Eva Hesse, ‘No title’, 1969-1970, Whitney Museum of American Art

Dimensions variable

Image rights: © Estate of Eva Hesse; courtesy Hauser & Wirth

"America is Hard to See"

Venue: Whitney Museum of American Art, New York (2015)

Whitney Museum of American Art, New York; purchase, with funds from Eli and Edythe L. Broad, the Mrs. Percy Uris Purchase Fund, and the Painting and Sculpture Committee 88.17ab

About Eva Hesse

One of the first to work with synthetic materials like fiberglass, latex, and plastic, Eva Hesse is best-known for her innovative sculptures, dubbed Postminimalist for the time and style in which they were made. Reacting to the rigidity and uniformity of Minimalism, Hesse’s sculptural forms appear soft, slack, and uneven, conveying a human sensibility. A pioneering feminist artist, Hesse desired, in her own words, to “challenge the norms of beauty and order.” Hesse’s painful childhood—having fled Nazi Germany followed by her mother's suicide—significantly impacted her artmaking, prompting close friend and art historian Lucy Lippard to describe Hesse’s work as a “materialization of her anxieties.” Hesse’s artistic engagement with her own psychology is apparent in her Spectre paintings, where she uses muted tones and a thick and gestural application of paint to create haunting pictures reminiscent of Munch.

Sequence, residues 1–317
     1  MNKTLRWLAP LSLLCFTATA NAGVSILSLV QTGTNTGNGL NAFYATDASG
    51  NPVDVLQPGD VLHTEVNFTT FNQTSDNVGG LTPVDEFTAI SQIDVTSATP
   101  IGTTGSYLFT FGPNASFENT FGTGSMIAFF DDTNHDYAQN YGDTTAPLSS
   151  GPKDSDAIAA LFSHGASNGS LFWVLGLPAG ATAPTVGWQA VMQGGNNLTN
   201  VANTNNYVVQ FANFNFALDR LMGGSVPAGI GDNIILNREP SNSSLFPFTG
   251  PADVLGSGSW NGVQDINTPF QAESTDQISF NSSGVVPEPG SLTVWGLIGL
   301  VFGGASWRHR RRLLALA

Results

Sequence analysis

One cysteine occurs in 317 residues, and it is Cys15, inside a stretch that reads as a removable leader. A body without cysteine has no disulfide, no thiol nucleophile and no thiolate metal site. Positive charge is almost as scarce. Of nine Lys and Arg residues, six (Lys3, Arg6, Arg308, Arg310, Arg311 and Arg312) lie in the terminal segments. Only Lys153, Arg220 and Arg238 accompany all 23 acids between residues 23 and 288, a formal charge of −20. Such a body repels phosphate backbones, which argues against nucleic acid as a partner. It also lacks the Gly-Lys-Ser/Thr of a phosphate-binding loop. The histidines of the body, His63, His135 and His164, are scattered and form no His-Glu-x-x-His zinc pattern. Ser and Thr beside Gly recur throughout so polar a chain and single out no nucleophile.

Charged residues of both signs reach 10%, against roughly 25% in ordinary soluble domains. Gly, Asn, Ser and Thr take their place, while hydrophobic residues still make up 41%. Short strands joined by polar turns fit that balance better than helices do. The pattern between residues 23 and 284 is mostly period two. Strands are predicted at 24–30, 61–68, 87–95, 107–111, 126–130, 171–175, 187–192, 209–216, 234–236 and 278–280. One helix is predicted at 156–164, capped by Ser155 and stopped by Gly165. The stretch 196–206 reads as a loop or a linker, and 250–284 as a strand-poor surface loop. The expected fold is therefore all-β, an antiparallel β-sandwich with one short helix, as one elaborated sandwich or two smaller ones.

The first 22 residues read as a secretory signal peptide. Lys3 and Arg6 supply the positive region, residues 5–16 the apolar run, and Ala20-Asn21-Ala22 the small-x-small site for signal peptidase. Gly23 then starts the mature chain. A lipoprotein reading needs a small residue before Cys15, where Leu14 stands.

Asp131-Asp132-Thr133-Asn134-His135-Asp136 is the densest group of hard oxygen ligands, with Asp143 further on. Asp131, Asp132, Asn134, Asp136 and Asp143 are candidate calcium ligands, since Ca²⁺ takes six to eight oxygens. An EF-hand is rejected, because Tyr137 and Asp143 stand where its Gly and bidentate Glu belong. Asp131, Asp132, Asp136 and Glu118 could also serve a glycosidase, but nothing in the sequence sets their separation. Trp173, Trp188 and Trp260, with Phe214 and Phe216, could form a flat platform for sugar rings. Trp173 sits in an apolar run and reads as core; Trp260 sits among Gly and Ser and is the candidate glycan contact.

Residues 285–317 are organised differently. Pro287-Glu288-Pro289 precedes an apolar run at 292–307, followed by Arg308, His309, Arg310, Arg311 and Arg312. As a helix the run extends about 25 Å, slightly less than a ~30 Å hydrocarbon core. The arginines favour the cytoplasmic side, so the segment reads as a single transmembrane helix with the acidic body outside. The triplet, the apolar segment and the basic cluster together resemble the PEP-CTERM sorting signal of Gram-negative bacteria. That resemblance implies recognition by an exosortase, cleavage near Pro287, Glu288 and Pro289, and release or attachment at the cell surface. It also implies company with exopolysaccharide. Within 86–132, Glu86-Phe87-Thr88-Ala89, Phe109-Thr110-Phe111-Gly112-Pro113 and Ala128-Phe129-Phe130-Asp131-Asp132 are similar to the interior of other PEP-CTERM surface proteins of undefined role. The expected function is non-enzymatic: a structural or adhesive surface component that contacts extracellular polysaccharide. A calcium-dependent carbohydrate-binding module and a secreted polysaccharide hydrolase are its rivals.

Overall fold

American, 1936-1970, Hamburg, Germany, based in New York, New York

Solo Shows

Converging Lines: Eva Hesse & Sol LeWitt

Fair History on Artsy

Hauser & Wirth at TEFAF New York Spring 2018
Richard Gray Gallery at Expo Chicago 2015
Richard Gray Gallery at Art Basel 2015
Armand Bartos Fine Art at The Armory Show 2015
New York,
Armand Bartos Fine Art at The Armory Show 2013